How do you make a masa empanada? Very carefully. It’s not a joke. Masa dough is fragile before it’s fried, and you need to develop a touch for it. It took me two or three tries to get it where almost every empanada looks right.
First, you need a tortilla press. While I now use a spiffy hand-made one from Masienda, you will be fine with any cast-iron or wooden tortilla press; I also use this one. Can you make do without one? Sorta. You can squash your masa dough balls with a flat frying pan, but it’s dicey.
Your best bet is to fry your Mexican empanadas one at a time, as you make them. I make one, gently slip it into the hot oil, and make another while the first one fries. Set them in a warm oven to sit while you make the rest. They are best hot, but OK at room temperature.
Make a bunch of Mexican empanadas at once. They store for a week in the fridge, and, once fried, freeze well. To reheat, put in a toaster oven at 350°F for about 12 minutes, or refry for 2 minutes.
There is a reason masa empanadas are my favorite: The corn flavor really shines, the fillings seems to go so well with it, and even though they are fried, Mexican empanadas seem lighter than those made with pie dough or bread.
Give them a go. It is a skill worth learning!
If you’re interested in meat pies from around the world, try my Cornish pasties, Finnish meat pies or Sicilian meat pies.
Mexican Empanadas with Masa
- 3 cups masa harina, packed
- 3 cups hot water
- Filling of your choice (see above)
- Oil for frying
- Make your masa dough. Mix the masa harina with the hot water and knead into a cohesive dough, about 2 or 3 minutes. You may need slightly more or less water: What you want is a moist masa that does not stick to your hands.
- Cut out two sheets of plastic from a supermarket produce bag; the flimsy ones. These are better than heavy plastic. Put one sheet on your tortilla press, then pull off about 40 grams of masa dough, a bit larger than a walnut, or exactly the size of a walnut in its husk. Roll it into a ball and set it on the plastic. Put the other piece of plastic over it and press down with your hand a bit to flatten the dough somewhat. Lever your tortilla press down hard, but not all the way. Flip the tortilla over and lever it down again. This makes an evenly flat tortilla.
- Get a large frying pan or heavy pot and pour enough oil to come up at least 1 inch up the sides, and ideally 2 inches. Heat it to between 325°F and 350°F.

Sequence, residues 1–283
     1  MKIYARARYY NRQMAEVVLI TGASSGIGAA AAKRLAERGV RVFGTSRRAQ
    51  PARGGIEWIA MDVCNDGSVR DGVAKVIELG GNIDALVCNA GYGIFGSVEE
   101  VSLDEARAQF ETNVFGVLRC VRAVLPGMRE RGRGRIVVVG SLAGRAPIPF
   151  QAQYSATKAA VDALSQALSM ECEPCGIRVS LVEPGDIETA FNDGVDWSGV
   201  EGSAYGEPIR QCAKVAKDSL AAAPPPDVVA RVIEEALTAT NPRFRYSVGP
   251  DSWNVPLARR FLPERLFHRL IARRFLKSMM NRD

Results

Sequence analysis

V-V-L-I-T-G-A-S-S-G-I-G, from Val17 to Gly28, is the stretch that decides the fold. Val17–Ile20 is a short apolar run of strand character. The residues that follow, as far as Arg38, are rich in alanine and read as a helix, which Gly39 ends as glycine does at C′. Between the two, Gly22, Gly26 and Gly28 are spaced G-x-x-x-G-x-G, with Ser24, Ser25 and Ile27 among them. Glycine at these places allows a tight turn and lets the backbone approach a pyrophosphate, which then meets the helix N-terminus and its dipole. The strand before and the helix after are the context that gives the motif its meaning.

- Peel off the top piece of plastic and spoon a heaping tablespoon, more or less, onto the side of the dough closest to the lever, leaving about 1/2 inch space from the edge of the dough.
- Gently fold the other side of the dough over the filling to form a half-moon. Carefully peel the plastic back and gently pat down the filling and seal the edges. Anchor the seal with the tines of a fork. Keep in mind the empanada is still sitting on the plastic.
- Carefully lift the empanada off the plastic and slip it into the hot oil. It do this flat side down to start, then flip the empanada after about 2 minutes, letting the top fry about 90 seconds. Flip once more for another minute of frying, for a total frying time of about 4 to 5 minutes.
- Make another empanada while you are frying the last one; usually you can have 2 or 3 frying at once. Lift the finished empanadas out and let them drain on a rack. Eat hot.
Nutrition information is automatically calculated, so should only be used as an approximation.
Hank, thanks so much for your explanations and descriptions. I recently switched to Masienda masa for the tortillas I make and definitely taste the difference from more common brands. I’ve been wanting to try making empanadas and will use your guidance. I’m going for potato, onion, and pepper…and cheese of course
I hope it is possible to just roll the dough out ? I don’t have the press.
Lisa: Absolutely. That’s what many people do. Just be very careful, and do it on thick plastic bag material, so you can carefully peel it off. It will take a bit of finagling.
Hi Hank! I want to try the masa harina method after making a huge batch of these with venison and wheat flour dough earlier this year. Those froze well before cooking but I see your note to freeze after frying for these. I’d prefer to do it before frying because i could freeze and then fry fresh for a birthday party. What would I risk by doing that you think? Thanks!